Could dropping iron particles from aircraft into the oceans be a new weapon in the fight against climate change?
David Emerson from the Bigelow Laboratory for Ocean Sciences in the US likes to think so. Writing in the journal Frontiers, he suggests it as a novel but potentially effective way to “fertilise” microscopic ocean plants and ultimately lower atmospheric carbon levels.
The idea is to take advantage of minerals synthesised by iron-oxidising bacteria that feed on the tiny spark of energy they generate by transferring electrons between iron and oxygen. This process produces rust minerals as byproducts, which are of the right chemical composition to be used by the phytoplankton that help remove carbon dioxide from the atmosphere.
It’s not a completely new concept; using iron fertilisation as a climate change mitigation tool was first proposed in the 1990s.
It’s needed, Emerson says, because it’s estimated that around 30% of the world’s oceans are low in iron.
And it’s not without some basis for hope. Evidence in the geologic record indicates that the amount of iron captured by the oceans may have helped moderate global climate in the past and played an important role in controlling earlier ice ages.
When events such as volcanic eruptions add large amounts of iron to the atmosphere, they may have the effect of fertilising the ocean – increasing phytoplankton activity and ultimately carbon drawdown.
So, says Emerson, it’s time for a controlled research program as the next step in exploring the idea’s efficacy.
“At minimum, we would gain a better sense of how the ocean works,” he says. “At best, iron additions would act on a short time scale to help mitigate climate change.”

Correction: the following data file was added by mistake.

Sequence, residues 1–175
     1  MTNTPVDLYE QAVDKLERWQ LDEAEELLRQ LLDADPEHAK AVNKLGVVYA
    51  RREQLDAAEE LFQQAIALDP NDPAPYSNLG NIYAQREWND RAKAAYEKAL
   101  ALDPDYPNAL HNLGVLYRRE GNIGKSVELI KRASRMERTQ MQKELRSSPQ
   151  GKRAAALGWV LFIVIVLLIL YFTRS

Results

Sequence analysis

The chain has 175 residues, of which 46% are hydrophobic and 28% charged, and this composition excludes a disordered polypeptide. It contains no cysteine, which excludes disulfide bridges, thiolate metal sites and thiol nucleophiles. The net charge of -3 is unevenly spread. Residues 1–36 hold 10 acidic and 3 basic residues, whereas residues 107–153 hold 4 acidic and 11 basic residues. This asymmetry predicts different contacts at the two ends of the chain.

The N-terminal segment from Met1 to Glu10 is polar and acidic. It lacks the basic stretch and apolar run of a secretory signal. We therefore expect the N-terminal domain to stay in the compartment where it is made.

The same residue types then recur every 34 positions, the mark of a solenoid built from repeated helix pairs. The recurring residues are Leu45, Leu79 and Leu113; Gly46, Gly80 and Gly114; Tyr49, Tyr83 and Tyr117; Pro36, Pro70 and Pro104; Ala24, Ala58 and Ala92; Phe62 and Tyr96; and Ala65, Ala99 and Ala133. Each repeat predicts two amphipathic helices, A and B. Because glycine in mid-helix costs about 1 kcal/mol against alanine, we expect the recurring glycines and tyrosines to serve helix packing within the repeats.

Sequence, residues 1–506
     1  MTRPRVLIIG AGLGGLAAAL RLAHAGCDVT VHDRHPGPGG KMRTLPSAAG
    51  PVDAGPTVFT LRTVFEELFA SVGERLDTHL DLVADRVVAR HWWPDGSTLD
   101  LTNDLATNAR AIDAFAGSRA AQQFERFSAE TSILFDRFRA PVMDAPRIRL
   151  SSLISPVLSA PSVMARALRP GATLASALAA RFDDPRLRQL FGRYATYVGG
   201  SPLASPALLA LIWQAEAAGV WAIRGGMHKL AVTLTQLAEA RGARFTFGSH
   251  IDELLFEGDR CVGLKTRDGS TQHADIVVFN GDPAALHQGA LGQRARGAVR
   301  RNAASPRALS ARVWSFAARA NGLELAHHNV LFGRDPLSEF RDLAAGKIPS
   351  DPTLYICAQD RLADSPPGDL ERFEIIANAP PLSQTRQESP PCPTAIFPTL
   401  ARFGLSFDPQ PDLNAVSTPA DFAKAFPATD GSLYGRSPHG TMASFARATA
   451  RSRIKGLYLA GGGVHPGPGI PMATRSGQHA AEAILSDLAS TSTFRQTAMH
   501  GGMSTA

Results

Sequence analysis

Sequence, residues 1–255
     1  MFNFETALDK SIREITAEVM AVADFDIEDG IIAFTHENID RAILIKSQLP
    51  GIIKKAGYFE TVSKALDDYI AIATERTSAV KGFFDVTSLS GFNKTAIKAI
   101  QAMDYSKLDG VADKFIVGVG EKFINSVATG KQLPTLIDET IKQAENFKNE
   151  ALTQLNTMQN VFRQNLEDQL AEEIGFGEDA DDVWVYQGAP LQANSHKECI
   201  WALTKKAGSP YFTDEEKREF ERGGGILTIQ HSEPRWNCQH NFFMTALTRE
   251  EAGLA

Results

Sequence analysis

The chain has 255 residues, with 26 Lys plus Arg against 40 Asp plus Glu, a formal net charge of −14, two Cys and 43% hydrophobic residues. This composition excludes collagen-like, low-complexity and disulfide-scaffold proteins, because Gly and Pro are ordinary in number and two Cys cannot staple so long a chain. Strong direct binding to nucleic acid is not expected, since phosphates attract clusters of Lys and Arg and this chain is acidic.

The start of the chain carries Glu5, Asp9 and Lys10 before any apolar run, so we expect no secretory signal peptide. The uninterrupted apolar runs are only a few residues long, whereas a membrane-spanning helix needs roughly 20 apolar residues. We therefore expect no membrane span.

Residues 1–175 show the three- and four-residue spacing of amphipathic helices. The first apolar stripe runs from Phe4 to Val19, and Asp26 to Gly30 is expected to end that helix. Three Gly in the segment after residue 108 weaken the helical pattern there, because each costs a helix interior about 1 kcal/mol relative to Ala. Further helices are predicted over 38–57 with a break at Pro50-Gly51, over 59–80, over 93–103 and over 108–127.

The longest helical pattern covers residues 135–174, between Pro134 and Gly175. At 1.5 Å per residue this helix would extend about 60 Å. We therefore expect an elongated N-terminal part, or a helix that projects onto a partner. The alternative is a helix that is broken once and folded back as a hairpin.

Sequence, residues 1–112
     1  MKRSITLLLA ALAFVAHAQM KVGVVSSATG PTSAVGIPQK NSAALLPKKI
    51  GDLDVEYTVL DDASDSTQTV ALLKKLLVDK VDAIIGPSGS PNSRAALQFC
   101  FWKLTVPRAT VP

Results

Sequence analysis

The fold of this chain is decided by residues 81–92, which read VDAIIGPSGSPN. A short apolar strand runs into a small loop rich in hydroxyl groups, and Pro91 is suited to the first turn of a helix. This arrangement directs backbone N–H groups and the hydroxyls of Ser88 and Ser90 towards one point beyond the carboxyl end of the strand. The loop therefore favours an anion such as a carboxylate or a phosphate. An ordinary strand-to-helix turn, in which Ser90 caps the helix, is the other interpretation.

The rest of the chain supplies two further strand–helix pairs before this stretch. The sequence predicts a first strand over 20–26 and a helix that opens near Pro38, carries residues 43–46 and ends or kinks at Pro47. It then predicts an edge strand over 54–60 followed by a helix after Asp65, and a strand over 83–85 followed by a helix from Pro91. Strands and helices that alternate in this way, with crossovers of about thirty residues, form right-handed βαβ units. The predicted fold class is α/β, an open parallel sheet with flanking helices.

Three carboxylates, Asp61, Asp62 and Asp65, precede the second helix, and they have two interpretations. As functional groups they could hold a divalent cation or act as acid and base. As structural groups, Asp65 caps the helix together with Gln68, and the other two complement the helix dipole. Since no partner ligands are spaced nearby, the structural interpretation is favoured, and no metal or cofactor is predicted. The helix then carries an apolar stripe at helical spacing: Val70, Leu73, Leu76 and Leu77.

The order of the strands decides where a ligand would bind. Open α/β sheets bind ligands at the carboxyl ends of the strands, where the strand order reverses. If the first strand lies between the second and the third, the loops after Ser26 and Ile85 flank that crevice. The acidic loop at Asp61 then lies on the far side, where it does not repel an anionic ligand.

Phytoplankton grow using carbon dissolved in the upper ocean. When they die, some sink, taking carbon to the deep ocean, and more atmospheric carbon diffuses into the upper ocean.
Stimulating phytoplankton growth with iron fertilisation could ramp up this process, Emerson suggests, ultimately shuttling more of the excess atmospheric carbon into the deep ocean.
Most iron enters the ocean as dust from the world’s deserts. Using aircraft to distribute a fine iron powder over deficient ocean regions would approximate natural iron inputs, and timing flights with seasonal phytoplankton “blooms” would stimulate growth and boost populations.
Iron-oxidising bacteria live in environments as extreme as the deep ocean and as common as roadside ditches, so cultivating them in shallow ponds should be pretty simple.
“In addition to cutting carbon emissions, we need to remove more carbon from the atmosphere to limit global climate change,” Emerson says.
“These geoengineering approaches are not solutions to the whole problem, but they are potential ways we can mitigate the worst effects.”
Nick Carne is the editor of Cosmos Online and editorial manager for The Royal Institution of Australia.
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